“I just want to know!”
I’ve uttered some variation of that phrase almost daily since learning to talk. Like many of you, I relish the opportunity of learning–I want to grasp and understand as much as I am able to stuff in my head.
It’s a wonderful thing to desire knowledge. Period. What I’m also understanding, though, is that knowledge is far too often conflated with (or, lumped with) control. For that, we can partially thank Sir Francis Bacon–that and the good ole’ scientific method. In 1597, Bacon famously wrote the oft-quoted “knowledge is power.”
What’s Better than Knowledge?
What Bacon wrote is true in many senses. We cannot aspire to make an impact in this world if we don’t have any knowledge–about ourselves, our surroundings, leadership, etc. Education is a vital gift. And yet, it’s what we do with that knowledge that creates the potential for change.
Want to know something ridiculous? As a child, I used to worry that every new song I learned or factoid I heard would push something else out of my brain–something my young mind deemed to be a vital piece of information. That’s not true, thank goodness. But what is true is that there’s no use in any of that info taking up space in our brains if we don’t actually do something with it.
That lived experience is what we call wisdom.
I’ve forfeited a lot of experiences in my life, but what I haven’t lost is wisdom. That’s because wisdom isn’t usually discovered on the smooth roads in life. Wisdom is found on golden platters and gritty pavements–“good” and the “bad.”
Why am I telling you this? Well, I guess I’ve been thinking a lot lately about unknowns… I want to know what the next three weeks will look like, when I’ll get to visit loved ones, and if I’ll really be able to fully recover from an eating disorder (and yes, I 100000% believe I can and will). I want to know how I’ll change this coming year (will I grow more dependent on God?). I want to know what God’s doing and how the weather’s looking and if I’ve made the right choices and when I’ll feel like a real adult. I want to read every book, utilize every minute in the best way, and impact all the people God wants me to reach.
The list goes on and on, and I’m sure yours does too. I stare at my calendar and see one square after another indicating that I’ve wasted time… wasted life… wasted away.
That seems morose, and perhaps it would be if not for the hope of Christ. Even in that hope though, I struggle with not knowing what will come. I struggle to reconcile my deep sin with the knowledge that a holy God seeks my good (that seems like a scam…. ya know?)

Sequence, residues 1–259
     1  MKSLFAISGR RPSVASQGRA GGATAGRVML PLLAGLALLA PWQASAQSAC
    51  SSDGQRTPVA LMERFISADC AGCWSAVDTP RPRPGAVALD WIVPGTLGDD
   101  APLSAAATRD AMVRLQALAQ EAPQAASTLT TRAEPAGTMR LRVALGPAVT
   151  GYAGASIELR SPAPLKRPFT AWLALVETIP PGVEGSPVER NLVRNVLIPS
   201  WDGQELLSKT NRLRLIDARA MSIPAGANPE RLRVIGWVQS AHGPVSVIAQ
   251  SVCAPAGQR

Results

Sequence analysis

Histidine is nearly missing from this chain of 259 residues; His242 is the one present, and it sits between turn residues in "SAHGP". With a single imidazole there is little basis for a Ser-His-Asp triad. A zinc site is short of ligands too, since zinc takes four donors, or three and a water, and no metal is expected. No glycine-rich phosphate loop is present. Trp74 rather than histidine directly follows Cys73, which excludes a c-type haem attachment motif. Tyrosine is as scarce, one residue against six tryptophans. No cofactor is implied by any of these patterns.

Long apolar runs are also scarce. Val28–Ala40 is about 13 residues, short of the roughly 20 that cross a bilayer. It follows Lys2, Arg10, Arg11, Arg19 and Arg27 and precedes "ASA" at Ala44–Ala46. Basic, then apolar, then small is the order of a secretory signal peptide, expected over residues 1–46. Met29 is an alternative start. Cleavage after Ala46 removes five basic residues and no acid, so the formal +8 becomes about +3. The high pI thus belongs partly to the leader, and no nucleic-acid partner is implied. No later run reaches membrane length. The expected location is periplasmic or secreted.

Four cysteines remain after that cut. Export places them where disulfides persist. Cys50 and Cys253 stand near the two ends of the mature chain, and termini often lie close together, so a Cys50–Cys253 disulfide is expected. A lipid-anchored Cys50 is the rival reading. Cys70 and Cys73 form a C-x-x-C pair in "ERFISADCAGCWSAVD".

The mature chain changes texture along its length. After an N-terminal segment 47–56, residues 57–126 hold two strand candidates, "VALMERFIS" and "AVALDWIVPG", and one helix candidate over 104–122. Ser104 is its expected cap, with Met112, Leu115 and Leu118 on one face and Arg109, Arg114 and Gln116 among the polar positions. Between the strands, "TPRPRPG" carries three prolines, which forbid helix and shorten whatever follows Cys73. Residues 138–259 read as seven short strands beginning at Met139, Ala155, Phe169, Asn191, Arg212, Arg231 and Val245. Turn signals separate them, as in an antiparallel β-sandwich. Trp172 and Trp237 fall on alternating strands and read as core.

Know it All? No Thanks!
Knowing what I didn’t know as a child, I’d absolutely prefer wisdom over knowledge. Information alone can cripple us because our finite brains can’t grasp the past, present, and future in any helpful way.
If I had known a year ago what 2022 would entail, I’m not sure how I would have responded. Thankfully, God knew I wasn’t ready for all those steps at once. I stepped onto a sandy beach on Amelia Island. That was all I knew at the time and was the only step I was willing to take. I stepped from there to chaos–a realization that a one-week mental health intensive wasn’t going to cut it. Since Bring Your Brokenness had not yet opened The Charis House, I stepped into the world of Google. I scoured every message board, review, and photo. I talked to anyone and everyone who would discuss a treatment experience with me. I treaded lightly, but I treaded nonetheless.
The steps I have taken since a year ago are an interesting work of art–yours are too. Sometimes we stomp or run. Sometimes, we tiptoe or drag our feet. Each inch matters though because it’s boldly taken by faith. I didn’t know how God was going to use great pain to orchestrate healing. At the time, it felt like a cacophony of drumbeats were ricocheting in my head with every hard moment. Honestly, it still feels like that.
You probably experience your own sorts of temptations, trials, and frustrations. Welcome to humanity! In all seriousness though, I want you to know that you aren’t alone in the messy middle moments of life. I also want you to know that the only way out is not through. You can very well avoid this growth opportunity by simply stepping backward. But you don’t want to do that, trust me. When we do that, the world increasingly shrinks until anxiety seems to be our only companion.
To embrace the unknown, on the other hand, is to accept a peripheral blur as our companion in the journey. That’s pretty daunting. And yet: the blur isn’t so frightening when we fix our eyes on where each footprint lands.
I’ll never be naturally gifted at welcoming the unknown in life. I am grateful, however, that God has shown me numerous examples of His perfect timing in these last few years. I trust that He will let us know what’s up when He’s ready. Until then, you and I can choose to utterly depend on the only One who has a perfect track record of faithfulness.